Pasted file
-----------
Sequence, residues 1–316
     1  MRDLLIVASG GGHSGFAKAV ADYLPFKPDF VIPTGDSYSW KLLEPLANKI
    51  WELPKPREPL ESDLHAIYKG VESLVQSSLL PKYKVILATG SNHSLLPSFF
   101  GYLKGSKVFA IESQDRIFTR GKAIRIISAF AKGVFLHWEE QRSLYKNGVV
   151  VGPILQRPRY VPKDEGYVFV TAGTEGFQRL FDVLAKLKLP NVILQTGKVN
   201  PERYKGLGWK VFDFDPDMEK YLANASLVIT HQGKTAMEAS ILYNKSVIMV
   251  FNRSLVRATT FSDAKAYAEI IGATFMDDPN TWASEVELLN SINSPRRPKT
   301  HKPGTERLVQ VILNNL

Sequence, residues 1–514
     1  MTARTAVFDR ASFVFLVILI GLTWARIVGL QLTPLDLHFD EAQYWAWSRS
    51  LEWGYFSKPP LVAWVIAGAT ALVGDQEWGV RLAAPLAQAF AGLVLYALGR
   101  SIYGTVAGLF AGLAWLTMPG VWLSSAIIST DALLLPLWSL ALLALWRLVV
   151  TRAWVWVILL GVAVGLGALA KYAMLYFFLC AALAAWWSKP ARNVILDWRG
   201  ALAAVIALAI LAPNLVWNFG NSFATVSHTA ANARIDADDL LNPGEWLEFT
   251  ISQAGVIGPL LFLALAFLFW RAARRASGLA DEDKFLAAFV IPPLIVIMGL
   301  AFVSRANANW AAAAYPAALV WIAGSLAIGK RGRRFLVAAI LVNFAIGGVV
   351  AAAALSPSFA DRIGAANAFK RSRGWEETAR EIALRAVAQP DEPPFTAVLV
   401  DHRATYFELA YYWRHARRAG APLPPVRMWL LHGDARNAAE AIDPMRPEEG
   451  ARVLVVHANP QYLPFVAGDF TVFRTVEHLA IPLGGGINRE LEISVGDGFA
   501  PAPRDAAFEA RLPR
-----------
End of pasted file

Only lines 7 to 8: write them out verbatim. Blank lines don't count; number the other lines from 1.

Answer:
   251  FNRSLVRATT FSDAKAYAEI IGATFMDDPN TWASEVELLN SINSPRRPKT
   301  HKPGTERLVQ VILNNL